Moose Lake Star Gazette - Serving Carlton and Pine Counties Since 1895

By Shawn Jansen
Moose Lake Star-Gazette 

Sturgeon Lake changes voting procdures


December 12, 2019

Residents of the city of Sturgeon Lake will have to vote by mail or absentee ballot in 2020. The decision to change voting procedures was made in a split vote during a special meeting Monday, December 2.

City councilor Adam Langhorst said it was about a $2,000 savings.

“I don’t think that we should take a vote to save $2,000 when it has such a drastic effect on the citizens without their input,” said Councilor Marsha Helfman.

Former mayor Tom Helfman pointed out, “I only saw it yesterday that it was even posted.”

The council needed to pass the change by a December 4 deadline in order to be able to adopt the measure for 2021. There are two primary elections and a general election coming in 2021.

Auditor-Treasurer Kelly Schroeder explained via email Monday that state statute requires all changes to the voting system be completed 90 days before an election. Minnesota’s presidential primary is set for March 3.

Jessica Langhorst said, “I think we look at 2021 to do this.”

Adam Langhorst said, “I don’t see the big inconvenience ... We need to be good stewards of the public funds.”

The resolution for mail balloting was voted for by councilors Adam Langhorst and Rick Lewis. Helfman and Jessica Langhorst voted against the change for 2021.

Mayor Todd Danelski voted for the measure, stating, “Voting is a responsibility.”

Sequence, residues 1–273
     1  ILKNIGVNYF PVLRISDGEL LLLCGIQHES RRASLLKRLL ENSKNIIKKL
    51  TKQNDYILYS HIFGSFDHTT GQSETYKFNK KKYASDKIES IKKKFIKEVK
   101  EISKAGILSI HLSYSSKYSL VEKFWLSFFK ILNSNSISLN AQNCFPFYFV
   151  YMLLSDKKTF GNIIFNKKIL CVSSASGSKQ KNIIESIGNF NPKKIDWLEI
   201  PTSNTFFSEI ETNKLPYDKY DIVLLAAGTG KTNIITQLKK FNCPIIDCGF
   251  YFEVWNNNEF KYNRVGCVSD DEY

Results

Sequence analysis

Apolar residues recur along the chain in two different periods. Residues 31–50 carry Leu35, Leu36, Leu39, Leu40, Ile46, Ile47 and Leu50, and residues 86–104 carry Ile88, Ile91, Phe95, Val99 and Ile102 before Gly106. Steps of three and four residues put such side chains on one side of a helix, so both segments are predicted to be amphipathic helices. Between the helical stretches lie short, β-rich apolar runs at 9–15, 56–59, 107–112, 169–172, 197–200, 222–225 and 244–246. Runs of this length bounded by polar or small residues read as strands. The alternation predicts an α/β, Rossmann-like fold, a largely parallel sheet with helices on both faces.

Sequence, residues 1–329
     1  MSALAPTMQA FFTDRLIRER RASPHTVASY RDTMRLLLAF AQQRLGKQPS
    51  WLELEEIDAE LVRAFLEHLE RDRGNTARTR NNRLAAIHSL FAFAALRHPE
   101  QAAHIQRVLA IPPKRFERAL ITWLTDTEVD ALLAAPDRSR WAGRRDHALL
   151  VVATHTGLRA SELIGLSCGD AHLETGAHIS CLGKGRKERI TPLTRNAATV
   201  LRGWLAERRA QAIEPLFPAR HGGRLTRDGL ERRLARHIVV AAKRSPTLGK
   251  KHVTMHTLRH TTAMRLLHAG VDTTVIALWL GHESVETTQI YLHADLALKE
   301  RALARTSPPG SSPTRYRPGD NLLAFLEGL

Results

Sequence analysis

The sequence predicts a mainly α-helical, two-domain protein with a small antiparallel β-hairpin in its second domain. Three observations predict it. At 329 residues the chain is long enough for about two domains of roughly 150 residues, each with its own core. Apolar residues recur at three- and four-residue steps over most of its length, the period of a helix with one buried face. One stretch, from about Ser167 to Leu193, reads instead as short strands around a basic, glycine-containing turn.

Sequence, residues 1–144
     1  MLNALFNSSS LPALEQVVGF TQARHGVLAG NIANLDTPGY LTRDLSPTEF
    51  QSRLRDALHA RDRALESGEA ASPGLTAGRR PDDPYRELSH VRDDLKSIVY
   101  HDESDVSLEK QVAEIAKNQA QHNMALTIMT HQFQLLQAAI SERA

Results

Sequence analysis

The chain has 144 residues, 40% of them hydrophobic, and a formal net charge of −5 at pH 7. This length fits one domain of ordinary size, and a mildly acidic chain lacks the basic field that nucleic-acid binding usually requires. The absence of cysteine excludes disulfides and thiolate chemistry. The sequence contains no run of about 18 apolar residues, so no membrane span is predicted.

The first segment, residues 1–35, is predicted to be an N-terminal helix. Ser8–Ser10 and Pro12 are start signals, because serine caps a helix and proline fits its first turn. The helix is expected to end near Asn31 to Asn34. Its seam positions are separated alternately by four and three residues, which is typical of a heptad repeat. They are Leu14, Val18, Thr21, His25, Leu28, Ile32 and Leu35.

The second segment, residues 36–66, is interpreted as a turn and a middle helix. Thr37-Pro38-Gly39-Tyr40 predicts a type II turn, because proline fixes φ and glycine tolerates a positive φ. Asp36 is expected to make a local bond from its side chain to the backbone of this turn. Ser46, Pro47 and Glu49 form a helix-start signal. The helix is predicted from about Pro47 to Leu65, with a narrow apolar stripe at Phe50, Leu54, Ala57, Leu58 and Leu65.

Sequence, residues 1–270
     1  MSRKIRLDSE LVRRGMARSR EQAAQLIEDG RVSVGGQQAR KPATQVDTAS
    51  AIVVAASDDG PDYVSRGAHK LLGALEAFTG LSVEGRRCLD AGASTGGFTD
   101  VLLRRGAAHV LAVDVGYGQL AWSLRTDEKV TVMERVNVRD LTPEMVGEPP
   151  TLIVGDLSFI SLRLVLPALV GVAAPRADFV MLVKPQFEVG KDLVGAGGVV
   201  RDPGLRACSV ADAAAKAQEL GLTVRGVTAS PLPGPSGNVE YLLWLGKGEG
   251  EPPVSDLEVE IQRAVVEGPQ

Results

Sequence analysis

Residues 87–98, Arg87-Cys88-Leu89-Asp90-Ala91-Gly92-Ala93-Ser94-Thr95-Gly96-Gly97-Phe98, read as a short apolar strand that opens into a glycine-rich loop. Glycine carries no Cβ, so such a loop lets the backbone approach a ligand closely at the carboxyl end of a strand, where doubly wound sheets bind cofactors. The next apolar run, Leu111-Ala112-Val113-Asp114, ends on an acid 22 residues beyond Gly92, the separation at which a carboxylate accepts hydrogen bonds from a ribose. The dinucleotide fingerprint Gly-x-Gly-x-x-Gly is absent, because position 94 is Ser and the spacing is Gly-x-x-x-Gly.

Public hearing on logging

Several residents of the Cathedral Pines neighborhood weighed in on the city’s idea to log city-owned lots there. The idea was to manage that forest to help the trees grow healthy and larger, not just taller, and use the money from the sale of the timber to help with the road upkeep.

Councilor Helfman said, “The city isn’t doing this for the money.”

One resident wanted to know if the logging contractor was properly bonded, and he indicated he was, and that he buys the stumpage and the timber and harvests it, so he doesn’t leave as much of a mess as some other loggers.

A neighboring landowner asked, “What happens if they take out the wrong trees? Are we looking at a dollar amount per tree? ... It happens.”

The city acquired the lots along the Moose Horn River through FEMA (Federal Emergency Management Agency) buyouts following the 2012 flood. As agreed upon in the buyouts, because of their location in the flood plain, the lots must be kept as open space. Those lots are interspersed with lots owned by residents who stayed and did not take the buyout.

Residents said they did not want those properties to be made into parks or day-use recreational areas. Most seemed to be in favor of the selective logging (not clear-cut). The city has not made any plans for those properties except to have the forest on them thinned sometime next year.


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